Effects of Constructed Wetlands Plants on Phosphorus Removal from Domestic Wastewater in Gaborone, Botswana
Keywords:Plants effects, performance, phosphorus removal, type of plant, no statistically significance difference, constructed wetlands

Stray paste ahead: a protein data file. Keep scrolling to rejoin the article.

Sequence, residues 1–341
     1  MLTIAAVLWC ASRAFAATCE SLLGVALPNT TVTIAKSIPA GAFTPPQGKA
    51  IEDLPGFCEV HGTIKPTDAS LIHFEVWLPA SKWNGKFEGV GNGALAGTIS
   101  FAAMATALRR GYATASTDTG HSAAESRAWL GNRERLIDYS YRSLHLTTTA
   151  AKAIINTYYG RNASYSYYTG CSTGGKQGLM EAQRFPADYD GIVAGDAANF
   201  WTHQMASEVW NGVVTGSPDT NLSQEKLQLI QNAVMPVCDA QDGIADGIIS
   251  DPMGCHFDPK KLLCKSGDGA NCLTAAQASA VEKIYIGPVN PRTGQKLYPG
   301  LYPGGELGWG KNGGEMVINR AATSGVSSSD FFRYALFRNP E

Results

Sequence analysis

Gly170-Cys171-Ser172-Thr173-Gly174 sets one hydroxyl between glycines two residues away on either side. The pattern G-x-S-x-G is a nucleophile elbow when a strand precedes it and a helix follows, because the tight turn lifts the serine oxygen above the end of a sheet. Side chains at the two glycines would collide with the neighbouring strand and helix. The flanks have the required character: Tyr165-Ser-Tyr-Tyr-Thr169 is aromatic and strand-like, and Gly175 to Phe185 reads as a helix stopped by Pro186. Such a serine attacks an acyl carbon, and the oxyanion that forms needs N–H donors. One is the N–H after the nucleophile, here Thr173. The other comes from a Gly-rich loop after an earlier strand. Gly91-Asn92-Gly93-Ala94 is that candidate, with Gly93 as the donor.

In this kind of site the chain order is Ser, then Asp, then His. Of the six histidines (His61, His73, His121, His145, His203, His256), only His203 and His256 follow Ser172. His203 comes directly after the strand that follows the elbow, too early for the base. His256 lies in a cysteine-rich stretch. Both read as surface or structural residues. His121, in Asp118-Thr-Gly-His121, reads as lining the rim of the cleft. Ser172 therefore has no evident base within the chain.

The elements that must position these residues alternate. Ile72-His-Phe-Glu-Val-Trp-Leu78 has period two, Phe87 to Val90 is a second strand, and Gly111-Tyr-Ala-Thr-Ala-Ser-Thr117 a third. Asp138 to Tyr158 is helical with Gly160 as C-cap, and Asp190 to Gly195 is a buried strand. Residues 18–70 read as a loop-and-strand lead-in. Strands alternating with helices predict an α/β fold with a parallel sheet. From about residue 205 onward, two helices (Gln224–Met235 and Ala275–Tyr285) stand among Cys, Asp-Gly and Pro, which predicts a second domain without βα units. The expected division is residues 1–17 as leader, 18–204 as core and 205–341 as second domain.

The United Nations, Sustainable Development Goal (SDG) Target 6.3. aims at “halving the proportion of untreated waste water and substantially increasing recycling and safe reuse globally” by 2030. To achieve this target, sustainable and context-specific wastewater treatment systems are urgently needed. Constructed wetlands (CW) is one of the wastewater treatment technological options available. CW have been widely accepted and acknowledged as simple, low cost, alternative and appropriate domestic wastewater treatment technology. CW were piloted by the Department of Water Affairs, Gaborone, Botswana to assess their treatment performance. Specifically, the study investigated the effects of CW plants on Phosphorus (P) removal from domestic wastewater. The first CW cell (CA) was a control which was filled with sand only, the second cell (CB) was planted with Typha Latifolia, the third (CC) with Cyperus Papyrus and the fourth (CD) with Phragmites Mauritianus. Each cell had a surface area of 100m2 and received a wastewater discharge of 4m3 /day. River sand with porosity of 0.44 and particle size diameter ranging from 2-7mm was used as plants growing media. Wastewater samples were analysed in accordance with Standard Methods for Examination of Water and Wastewater. The results showed that the P treatment performance efficiencies for CA, CB, CC, and CD were 93.6%, 97.4%, 98.1% and 98.4% respectively. Despite that there was CW plants contribution towards P removal from domestic wastewater, there was however no statistically significant performance difference (p>0.05) in P removal between the CW cells planted with different plant species. The mean effluent P concentrations from the different CW cells were; CA 0.62mg/l, CB 0.28mg/l, CC 0.19mg/l and CD 0.16mg/l. Thus, the mean P concentration from the effluent of C1 was above the Botswana Bureau of Standards Limits of 0.5mg/l. Hence the effluent was non-compliant with Botswana standards for the discharge of effluent into the environment.